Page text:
Romans 1:1-32

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The apostle Paul identified himself as the writer of the letter to the Romans. (1:1) In view of his apostleship to the Gentiles, he may have chosen to go by his Roman name “Paul.” His Hebrew name “Saul” had the proud distinction of having been the name of Israel’s first king, a man of the tribe of Benjamin (as was Paul or Paulos). The Latin word paulus means “small” or “little,” and the Hebrew name signifies “asked for” or “asked of,” the implication being that God was the one to whom the appeal was made for a child or a son.

As a slave of “Christ Jesus” (“Jesus Christ,” in other Greek manuscripts), Paul had the honor of being in the service of the “King of kings and Lord of lords,” the one to whom all authority in heaven and on earth had been granted. (Matthew 28:18; Revelation 19:16) His call to be an apostle (one sent forth with a commission) had come directly through Jesus Christ and God the Father. (Acts 9:5, 6, 15, 16; 26:15-18; Galatians 1:1) Paul had been set apart for the “evangel of God,” designated to proclaim the glad tidings about Jesus Christ and how reconciliation to God would be possible through him. It is the “evangel” or “good news of God,” for its ultimate source is the Almighty. (1:1)

Paul could speak of the evangel or glad tidings as having been previously promised through the prophets whose words were recorded in the “holy writings.” (1:2) The prophets referred to a time when a ruler would come from the tribe of Judah, through the line of David (the son of Jesse). This one would administer affairs according to the highest standard of justice, and non-Jewish peoples would rally to him as to a signal on an elevated site. The coming of this ruler, the Messiah or Christ, would be associated with the inauguration of a new covenant through his sacrificial death, providing the basis for true forgiveness of sins and complete reconciliation with God. (Genesis 49:10; Isaiah 11:1-5, 10; Jeremiah 31:31-34; Zechariah 12:10-13:1)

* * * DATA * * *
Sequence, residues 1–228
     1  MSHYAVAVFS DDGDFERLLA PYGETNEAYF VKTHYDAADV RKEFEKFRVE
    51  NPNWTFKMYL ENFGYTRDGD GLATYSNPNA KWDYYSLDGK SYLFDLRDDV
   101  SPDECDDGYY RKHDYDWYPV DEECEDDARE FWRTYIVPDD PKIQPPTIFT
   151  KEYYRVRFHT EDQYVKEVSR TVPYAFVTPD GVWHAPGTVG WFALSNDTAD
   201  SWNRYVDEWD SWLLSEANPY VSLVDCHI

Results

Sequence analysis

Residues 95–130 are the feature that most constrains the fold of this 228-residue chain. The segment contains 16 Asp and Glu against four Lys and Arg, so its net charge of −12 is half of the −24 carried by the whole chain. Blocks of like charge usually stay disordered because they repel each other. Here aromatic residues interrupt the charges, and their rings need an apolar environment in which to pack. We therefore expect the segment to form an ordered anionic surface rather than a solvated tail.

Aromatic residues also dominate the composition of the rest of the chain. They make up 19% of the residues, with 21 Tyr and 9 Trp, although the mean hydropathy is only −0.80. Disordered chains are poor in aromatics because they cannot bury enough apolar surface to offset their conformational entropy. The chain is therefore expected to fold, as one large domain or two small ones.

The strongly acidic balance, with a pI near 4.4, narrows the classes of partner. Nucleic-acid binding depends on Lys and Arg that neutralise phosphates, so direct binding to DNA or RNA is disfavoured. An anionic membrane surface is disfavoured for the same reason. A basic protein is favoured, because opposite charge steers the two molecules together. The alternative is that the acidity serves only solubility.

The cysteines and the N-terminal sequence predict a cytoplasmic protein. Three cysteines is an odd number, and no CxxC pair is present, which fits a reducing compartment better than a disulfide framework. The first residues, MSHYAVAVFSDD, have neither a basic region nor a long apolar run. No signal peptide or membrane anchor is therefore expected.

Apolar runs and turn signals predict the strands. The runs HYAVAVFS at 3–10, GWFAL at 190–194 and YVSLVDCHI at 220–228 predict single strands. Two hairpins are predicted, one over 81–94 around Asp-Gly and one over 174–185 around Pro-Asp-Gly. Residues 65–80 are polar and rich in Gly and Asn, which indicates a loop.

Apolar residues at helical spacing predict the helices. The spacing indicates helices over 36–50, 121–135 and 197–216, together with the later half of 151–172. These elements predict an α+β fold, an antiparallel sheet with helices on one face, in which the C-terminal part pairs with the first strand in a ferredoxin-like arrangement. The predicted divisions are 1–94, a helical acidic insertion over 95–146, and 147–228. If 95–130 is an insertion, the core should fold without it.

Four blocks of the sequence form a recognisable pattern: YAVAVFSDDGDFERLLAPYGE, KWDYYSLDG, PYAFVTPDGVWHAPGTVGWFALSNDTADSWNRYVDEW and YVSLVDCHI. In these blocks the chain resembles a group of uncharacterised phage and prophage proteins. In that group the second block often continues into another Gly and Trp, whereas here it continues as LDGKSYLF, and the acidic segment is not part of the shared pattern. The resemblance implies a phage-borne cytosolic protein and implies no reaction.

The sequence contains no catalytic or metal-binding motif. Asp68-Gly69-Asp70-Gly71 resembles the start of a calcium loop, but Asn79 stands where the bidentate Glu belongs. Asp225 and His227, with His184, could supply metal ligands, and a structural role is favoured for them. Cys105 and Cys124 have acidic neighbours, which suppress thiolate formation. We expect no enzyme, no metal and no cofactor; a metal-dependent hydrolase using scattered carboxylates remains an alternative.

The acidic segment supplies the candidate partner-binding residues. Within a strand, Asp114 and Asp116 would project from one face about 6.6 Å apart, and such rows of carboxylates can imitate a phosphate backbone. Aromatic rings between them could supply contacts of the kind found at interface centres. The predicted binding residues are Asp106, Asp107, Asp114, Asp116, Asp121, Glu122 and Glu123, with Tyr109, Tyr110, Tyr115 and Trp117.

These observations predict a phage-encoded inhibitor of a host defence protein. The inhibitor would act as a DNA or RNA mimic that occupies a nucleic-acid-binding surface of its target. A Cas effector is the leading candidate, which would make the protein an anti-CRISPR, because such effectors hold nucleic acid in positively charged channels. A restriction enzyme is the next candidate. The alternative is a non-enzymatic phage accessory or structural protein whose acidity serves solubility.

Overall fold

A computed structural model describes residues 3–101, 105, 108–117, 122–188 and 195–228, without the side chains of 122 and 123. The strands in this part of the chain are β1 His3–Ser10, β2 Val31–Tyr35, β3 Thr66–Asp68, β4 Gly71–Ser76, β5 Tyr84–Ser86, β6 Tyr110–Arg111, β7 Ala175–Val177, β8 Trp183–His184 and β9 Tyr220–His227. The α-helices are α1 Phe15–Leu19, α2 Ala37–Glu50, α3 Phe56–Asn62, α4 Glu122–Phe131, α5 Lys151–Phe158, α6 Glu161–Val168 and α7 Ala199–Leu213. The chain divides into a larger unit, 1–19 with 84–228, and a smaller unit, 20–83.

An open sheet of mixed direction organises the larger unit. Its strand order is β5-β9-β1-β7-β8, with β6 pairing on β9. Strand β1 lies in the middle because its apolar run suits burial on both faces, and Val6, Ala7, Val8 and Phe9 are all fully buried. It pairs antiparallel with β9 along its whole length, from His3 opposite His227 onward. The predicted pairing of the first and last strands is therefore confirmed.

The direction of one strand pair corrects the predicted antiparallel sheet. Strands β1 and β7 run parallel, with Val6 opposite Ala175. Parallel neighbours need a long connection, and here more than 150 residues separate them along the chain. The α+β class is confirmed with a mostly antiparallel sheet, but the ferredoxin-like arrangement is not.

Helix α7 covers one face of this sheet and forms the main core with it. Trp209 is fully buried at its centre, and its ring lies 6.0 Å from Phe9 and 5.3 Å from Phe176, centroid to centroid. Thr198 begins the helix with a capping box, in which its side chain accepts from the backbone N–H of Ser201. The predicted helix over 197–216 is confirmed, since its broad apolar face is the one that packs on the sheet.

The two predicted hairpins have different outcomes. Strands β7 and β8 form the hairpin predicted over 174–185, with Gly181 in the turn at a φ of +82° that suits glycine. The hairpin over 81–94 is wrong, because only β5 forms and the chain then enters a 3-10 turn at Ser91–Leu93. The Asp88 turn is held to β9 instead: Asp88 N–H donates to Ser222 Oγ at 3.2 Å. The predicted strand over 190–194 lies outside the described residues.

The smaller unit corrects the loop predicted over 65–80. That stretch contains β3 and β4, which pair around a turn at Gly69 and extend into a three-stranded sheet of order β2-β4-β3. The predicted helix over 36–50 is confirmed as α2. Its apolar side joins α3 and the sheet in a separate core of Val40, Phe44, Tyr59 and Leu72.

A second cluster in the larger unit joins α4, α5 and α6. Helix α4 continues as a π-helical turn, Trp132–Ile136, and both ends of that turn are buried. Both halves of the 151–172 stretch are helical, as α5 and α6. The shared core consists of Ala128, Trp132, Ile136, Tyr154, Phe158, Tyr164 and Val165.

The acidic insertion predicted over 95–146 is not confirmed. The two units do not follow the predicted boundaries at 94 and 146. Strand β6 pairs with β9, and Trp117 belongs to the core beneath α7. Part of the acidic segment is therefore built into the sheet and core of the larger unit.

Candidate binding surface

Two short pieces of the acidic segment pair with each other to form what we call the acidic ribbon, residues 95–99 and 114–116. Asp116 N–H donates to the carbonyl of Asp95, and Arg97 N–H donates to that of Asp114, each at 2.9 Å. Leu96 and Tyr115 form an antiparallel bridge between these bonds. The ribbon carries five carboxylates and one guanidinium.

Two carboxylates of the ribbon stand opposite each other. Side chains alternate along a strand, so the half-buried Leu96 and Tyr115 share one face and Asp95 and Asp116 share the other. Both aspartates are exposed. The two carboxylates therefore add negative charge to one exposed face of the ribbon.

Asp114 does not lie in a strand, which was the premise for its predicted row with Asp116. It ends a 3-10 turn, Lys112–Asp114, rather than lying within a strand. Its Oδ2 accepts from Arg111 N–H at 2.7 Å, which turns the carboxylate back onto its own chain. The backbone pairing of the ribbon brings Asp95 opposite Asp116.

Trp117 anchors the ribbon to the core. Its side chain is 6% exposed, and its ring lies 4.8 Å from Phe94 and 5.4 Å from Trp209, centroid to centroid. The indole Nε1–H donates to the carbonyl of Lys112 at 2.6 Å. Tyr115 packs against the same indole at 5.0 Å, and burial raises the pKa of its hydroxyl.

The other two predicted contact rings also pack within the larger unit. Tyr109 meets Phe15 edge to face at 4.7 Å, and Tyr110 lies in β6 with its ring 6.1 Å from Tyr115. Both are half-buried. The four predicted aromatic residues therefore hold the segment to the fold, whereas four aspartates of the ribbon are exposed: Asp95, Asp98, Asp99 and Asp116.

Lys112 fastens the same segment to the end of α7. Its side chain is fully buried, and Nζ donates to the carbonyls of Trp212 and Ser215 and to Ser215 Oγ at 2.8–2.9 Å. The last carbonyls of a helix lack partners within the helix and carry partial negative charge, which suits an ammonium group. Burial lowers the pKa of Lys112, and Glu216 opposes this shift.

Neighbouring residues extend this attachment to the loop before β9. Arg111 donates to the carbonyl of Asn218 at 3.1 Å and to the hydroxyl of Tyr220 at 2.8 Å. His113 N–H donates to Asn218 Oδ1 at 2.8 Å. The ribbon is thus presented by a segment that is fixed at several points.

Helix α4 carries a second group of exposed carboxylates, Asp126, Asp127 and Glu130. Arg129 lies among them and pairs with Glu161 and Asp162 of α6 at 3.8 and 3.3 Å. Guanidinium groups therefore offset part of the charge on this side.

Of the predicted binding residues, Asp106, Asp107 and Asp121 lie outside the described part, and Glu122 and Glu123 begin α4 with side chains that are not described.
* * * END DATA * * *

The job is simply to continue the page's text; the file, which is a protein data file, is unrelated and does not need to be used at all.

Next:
As Paul continued, the good news is about God’s Son, who, according to the flesh or natural descent, was of the “seed of David,” being in the line that had David as the illustrious royal ancestor. (1:3)

Jesus Christ, the Lord of believers, was designated, established, or declared as “Son of God in power according to the spirit of holiness by resurrection from the dead.” (1:4) The words “Son of God in power” may mean that, in contrast to his human existence when he was a little lower than the angels, Jesus is now in possession of the fullness of power in his exalted post-resurrection state. (Philippians 2:5-11; Hebrews 2:8, 9) A number of translations make this meaning explicit in their renderings. “He was appointed to be God’s Son with great power by rising from the dead.” (NCV) “Jesus is the powerful Son of God, because he was raised from death.” (CEV)

Another possible meaning is that “in power” relates to the resurrection, which would mean that the powerful act involved in raising Jesus from the dead undeniably established his being the Son of God. This significance is conveyed in the renderings of various translations. “He was proclaimed Son of God by an act of power that raised him from the dead.” (REB) J. B. Phillips paraphrased the words to mean that Jesus Christ was “patently marked out as the Son of God by the power of that Spirit of holiness which raised him to life again from the dead.” In Ephesians 1:17-20, the working of God’s power is specifically mentioned as having effected Christ’s resurrection.

Numerous translators and commentators have considered the “spirit of holiness” to be the “holy spirit.” “And Jesus Christ our Lord was shown to be the Son of God when God powerfully raised him from the dead by means of the Holy Spirit.” (NLT) This rendering and others like it are questionable, because “according to [the] flesh” and “according to [the] spirit of holiness” are contrasting parallels.